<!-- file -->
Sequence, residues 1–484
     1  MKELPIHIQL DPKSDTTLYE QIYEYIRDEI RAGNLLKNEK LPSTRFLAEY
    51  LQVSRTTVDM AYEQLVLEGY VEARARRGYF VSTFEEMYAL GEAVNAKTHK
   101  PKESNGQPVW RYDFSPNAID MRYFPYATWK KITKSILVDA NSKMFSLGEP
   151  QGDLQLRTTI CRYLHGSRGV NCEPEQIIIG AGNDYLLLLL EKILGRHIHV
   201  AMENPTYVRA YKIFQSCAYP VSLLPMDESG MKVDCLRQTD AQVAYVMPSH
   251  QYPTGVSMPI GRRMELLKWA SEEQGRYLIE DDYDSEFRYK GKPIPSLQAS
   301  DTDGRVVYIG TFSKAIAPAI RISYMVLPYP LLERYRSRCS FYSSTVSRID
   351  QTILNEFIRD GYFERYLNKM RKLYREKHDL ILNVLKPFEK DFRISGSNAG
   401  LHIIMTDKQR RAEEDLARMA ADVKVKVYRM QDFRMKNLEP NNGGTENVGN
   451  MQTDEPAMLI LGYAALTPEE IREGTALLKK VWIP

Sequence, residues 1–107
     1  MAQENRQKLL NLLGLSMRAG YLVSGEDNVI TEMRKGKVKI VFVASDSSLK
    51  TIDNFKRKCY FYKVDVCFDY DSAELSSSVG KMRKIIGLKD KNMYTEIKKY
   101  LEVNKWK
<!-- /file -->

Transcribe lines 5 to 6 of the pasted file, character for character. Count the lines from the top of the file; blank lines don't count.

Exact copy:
   151  QGDLQLRTTI CRYLHGSRGV NCEPEQIIIG AGNDYLLLLL EKILGRHIHV
   201  AMENPTYVRA YKIFQSCAYP VSLLPMDESG MKVDCLRQTD AQVAYVMPSH